Canonbury Tower: Tour guide reveals secret history of borough’s oldest building
PUBLISHED: 07:00 03 March 2016
Clerkenwell and Islington guide Mary Bond gives the Gazette a sneak preview of her tour of Canonbury Tower, which has only just been reopened to the public
Tucked away behind the hustle and bustle of Upper Street stands one of Islington’s best-kept secrets.
Built between 1509 and 1532, the remarkably well-preserved Canonbury Tower has been home to some of the most fascinating figures in English history – including Thomas Cromwell and Francis Bacon.
Now the property of the Marquess of Northampton – whose ancestors have owned it since the 1600s – the Tudor tower has only just been reopened to the public after a two-year gap.
“It’s a rare place because there aren’t any big Tudor domestic houses left – they were either burnt down by the Fire of London or torn down by town planners,” says Clerkenwell and Islington guide Mary Bond, who leads tours around the property.
The building itself was built by Prior Bolton, who was attached to St Bartholomew’s Priory in Smithfield.
“At the time, Smithfield was a very smelly and noisy place with cattle markets, horse races and executions,” says Ms Bond. “So I think it was a retreat for the canons, with its fields, springs and clean air. Plus it was just a short ride from Smithfield.”
Alas, the peace and tranquility were not to last, thanks to Henry VIII.
Unable to obtain a divorce from his first wife, Catherine of Aragon, in order to marry Anne Boleyn, the king made himself head of the Church. He thus destroyed the Pope’s authority over the Catholic Church in England.
As a result, St Bartholomew’s Priory was dissolved and had its properties confiscated – Canonbury Tower among them.
The tower was subsequently passed on to Henry VIII’s loyal servant Thomas Cromwell, who had himself organised the dissolution of all the monasteries, priories, friaries and nunneries. Today, most people know his name through the award-winning novel and TV series, Wolf Hall.
“We know he was at the tower because, in 1535, he wrote a letter from there,” says Ms Bond.
Apparently, no one at the Priory kicked up much of a fuss at the change of ownership.
“When you think that Prior John Houghton down at London Charterhouse was hung, drawn and quartered for refusing to go quietly, you probably would go quietly,” points out Ms Bond.
As it turned out, Cromwell’s tenancy didn’t last that long, as he was executed on the orders of the king in 1541.
“There are all kinds of reasons given for this – the most interesting of which is that he arranged the king’s fourth marriage to [German princess] Anne of Cleaves,” says Ms Bond. “The story goes that Henry rushed down to Southampton to greet her but didn’t like what he saw and didn’t want anything to do with her.
“Nevertheless, he went through with the marriage and later got it annulled on the grounds of non-consummation. Apparently, he said she stank like a goat and looked like a Flanders mare, poor woman.”
Angry with his fixer, the king took back Canonbury Tower and gave it to Anne of Cleaves as part of her dowry.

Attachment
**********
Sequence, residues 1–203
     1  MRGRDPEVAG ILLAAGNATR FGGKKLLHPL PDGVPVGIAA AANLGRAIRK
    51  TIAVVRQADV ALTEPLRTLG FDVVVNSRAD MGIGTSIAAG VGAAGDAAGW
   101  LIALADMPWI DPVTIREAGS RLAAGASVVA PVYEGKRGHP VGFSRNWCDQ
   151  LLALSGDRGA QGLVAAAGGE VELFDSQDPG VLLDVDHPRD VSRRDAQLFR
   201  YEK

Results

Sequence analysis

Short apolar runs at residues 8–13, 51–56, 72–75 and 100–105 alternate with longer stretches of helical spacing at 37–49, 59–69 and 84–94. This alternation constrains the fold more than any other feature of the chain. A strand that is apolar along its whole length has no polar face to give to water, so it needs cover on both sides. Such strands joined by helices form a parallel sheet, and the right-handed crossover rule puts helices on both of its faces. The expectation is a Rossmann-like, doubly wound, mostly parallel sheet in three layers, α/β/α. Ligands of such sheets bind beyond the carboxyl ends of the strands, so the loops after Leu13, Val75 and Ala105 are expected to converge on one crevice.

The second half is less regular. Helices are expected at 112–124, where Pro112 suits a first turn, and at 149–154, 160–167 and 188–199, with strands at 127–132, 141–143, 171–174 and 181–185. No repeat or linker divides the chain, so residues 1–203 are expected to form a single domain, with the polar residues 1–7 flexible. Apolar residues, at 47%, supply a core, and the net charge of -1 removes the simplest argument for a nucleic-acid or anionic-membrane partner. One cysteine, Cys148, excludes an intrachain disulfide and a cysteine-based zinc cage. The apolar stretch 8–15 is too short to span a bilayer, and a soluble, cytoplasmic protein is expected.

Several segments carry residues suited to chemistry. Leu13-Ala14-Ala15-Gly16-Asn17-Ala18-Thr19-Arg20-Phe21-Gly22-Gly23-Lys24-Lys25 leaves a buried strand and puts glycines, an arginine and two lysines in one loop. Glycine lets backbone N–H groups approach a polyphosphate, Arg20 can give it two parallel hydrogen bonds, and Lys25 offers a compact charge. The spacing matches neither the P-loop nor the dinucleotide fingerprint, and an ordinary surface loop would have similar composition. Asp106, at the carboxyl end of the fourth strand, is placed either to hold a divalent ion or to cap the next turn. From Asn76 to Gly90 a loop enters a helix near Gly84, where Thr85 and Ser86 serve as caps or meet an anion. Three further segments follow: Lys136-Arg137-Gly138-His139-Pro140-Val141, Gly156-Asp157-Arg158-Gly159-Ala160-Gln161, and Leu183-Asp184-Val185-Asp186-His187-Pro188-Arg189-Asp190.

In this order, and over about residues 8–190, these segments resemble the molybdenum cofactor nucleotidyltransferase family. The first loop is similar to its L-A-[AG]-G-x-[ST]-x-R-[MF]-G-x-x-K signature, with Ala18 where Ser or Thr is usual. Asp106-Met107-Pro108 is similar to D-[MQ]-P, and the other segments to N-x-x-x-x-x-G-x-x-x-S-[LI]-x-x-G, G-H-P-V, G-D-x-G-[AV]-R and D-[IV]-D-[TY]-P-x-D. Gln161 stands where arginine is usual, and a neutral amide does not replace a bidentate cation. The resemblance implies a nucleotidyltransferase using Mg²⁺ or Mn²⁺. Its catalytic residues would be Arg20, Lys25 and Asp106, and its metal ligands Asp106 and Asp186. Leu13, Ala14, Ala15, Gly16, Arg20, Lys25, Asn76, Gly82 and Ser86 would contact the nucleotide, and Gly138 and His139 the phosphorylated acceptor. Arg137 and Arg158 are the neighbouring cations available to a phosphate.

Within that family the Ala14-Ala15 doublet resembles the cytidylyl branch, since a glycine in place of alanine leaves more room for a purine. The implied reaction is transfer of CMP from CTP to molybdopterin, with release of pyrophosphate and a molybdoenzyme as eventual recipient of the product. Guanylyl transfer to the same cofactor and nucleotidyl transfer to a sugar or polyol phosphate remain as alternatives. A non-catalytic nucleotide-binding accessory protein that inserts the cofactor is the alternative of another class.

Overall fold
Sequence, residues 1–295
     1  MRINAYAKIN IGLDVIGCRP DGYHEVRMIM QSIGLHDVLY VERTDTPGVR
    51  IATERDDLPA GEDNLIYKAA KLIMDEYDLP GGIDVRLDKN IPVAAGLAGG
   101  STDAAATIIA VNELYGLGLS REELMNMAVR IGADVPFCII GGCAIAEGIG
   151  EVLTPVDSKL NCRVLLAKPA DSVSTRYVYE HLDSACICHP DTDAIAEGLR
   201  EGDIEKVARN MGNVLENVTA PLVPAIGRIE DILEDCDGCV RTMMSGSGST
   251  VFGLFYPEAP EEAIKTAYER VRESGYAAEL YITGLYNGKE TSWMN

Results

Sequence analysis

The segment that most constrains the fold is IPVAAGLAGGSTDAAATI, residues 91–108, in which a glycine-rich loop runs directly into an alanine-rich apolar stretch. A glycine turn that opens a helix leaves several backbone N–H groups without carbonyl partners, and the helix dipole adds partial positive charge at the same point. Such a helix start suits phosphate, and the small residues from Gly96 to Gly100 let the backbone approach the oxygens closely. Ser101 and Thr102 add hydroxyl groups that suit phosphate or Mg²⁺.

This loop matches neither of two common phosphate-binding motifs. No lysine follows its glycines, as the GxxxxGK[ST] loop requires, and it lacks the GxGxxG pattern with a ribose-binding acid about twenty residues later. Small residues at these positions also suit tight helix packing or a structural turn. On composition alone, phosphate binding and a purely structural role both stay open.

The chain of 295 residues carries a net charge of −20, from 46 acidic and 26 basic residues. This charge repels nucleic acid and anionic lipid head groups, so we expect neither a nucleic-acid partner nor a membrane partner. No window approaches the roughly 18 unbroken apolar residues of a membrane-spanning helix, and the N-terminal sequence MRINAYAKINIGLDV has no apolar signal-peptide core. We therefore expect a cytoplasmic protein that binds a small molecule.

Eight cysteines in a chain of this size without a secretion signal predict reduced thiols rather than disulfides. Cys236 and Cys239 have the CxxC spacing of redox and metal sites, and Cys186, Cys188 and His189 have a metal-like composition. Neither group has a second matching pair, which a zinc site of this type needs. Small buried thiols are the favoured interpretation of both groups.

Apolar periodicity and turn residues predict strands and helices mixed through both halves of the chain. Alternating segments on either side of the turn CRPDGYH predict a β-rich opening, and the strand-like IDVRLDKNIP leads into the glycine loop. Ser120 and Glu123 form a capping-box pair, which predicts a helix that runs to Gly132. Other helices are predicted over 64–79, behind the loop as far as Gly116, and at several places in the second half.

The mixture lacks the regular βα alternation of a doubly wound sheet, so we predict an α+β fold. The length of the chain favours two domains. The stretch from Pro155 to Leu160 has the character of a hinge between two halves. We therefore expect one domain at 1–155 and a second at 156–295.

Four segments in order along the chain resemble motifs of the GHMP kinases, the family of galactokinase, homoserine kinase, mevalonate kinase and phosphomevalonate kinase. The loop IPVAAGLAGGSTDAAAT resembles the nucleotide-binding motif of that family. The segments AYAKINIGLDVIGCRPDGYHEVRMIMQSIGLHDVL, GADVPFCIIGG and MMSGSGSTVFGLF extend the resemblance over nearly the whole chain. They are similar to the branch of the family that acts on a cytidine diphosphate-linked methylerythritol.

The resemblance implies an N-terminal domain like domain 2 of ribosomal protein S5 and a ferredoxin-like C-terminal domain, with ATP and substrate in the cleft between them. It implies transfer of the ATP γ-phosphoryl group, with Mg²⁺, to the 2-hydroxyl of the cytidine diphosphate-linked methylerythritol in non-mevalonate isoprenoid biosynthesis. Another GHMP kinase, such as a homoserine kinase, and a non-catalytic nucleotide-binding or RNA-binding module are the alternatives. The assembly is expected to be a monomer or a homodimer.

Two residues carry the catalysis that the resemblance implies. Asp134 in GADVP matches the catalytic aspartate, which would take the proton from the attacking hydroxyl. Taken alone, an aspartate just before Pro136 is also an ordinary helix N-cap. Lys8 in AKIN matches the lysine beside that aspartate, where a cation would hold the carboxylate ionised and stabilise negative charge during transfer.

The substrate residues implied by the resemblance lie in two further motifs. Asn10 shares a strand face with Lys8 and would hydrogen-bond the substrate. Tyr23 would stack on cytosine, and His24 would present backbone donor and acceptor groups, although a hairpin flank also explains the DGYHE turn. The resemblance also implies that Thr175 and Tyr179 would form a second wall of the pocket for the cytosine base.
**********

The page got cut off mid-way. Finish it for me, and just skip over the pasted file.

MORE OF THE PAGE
In 1570, however, the estate was bought by one of the richest men of the era – Sir John Spencer, then Lord Mayor of London.
The story goes that he had an illegitimate daughter Eliza who had fallen in love with Lord Compton. Despite owning two great estates, however, her 21-year-old lover had spent all of his father’s money and even borrowed from Sir Spencer himself.
Needless to say, when the Lord Mayor found out about the romance, he was furious – and apparently shut his daughter up in Canonbury Tower.
“Eliza was quite a feisty lady and apparently escaped from the tower down a knotted sheet. Lord Compton was waiting below, disguised as a baker’s boy with a cart and basket,” says Ms Bond.
The Lord Mayor disowned his daughter, but the couple married and Lord Compton later became a courtier to Elizabeth I.
“When the couple had a baby son, Queen Elizabeth felt very sorry for them. She approached the girl’s father, Lord Spencer, and spun a tale that there was a child who had been disowned by its family and was looking for a godfather,” says Ms Bond.
“So Lord Spencer said he would be godfather. He turned up at the christening – and, of course, there was his daughter and a beautiful baby boy. So it was all love and kisses in the end.”
Thanks to this reconciliation, Lord Compton was finally able to get his hands on his wife’s fortune, and Canonbury Tower has been in the family ever since.
In the 1660s, the family was in debt from the Civil War. At that point, they mortgaged the tower and leased it out; they were never to live in it again.
Famous occupants since then have included statesman Francis Bacon, whose tenancy has generated several myths.
“One story regards a list on a Canonbury Tower wall of the Kings and Queens of England – from William the Conqueror to Charles I. Next to Elizabeth I, there’s a word scrubbed out except for the first letter, which the Francis Bacon Society say is an ‘F’ (see inset picture). They claim Francis Bacon was the illegitimate son of Elizabeth I by [Robert] Dudley and therefore should have been king.”
Whether true or not, there are few traces of the tower’s famous occupants. Today, only a small number of visitors are allowed in each month to admire the oak-panelled rooms, inscriptions and views of London.
“But it’s really the stories that make it – and the atmosphere,” says Ms Bond.
Many more stories associated with the tower will be revealed on tours led by Clerkenwell and Islington Guides twice a month. Visit the Clerkenwell and Islington Guiding Association website to book.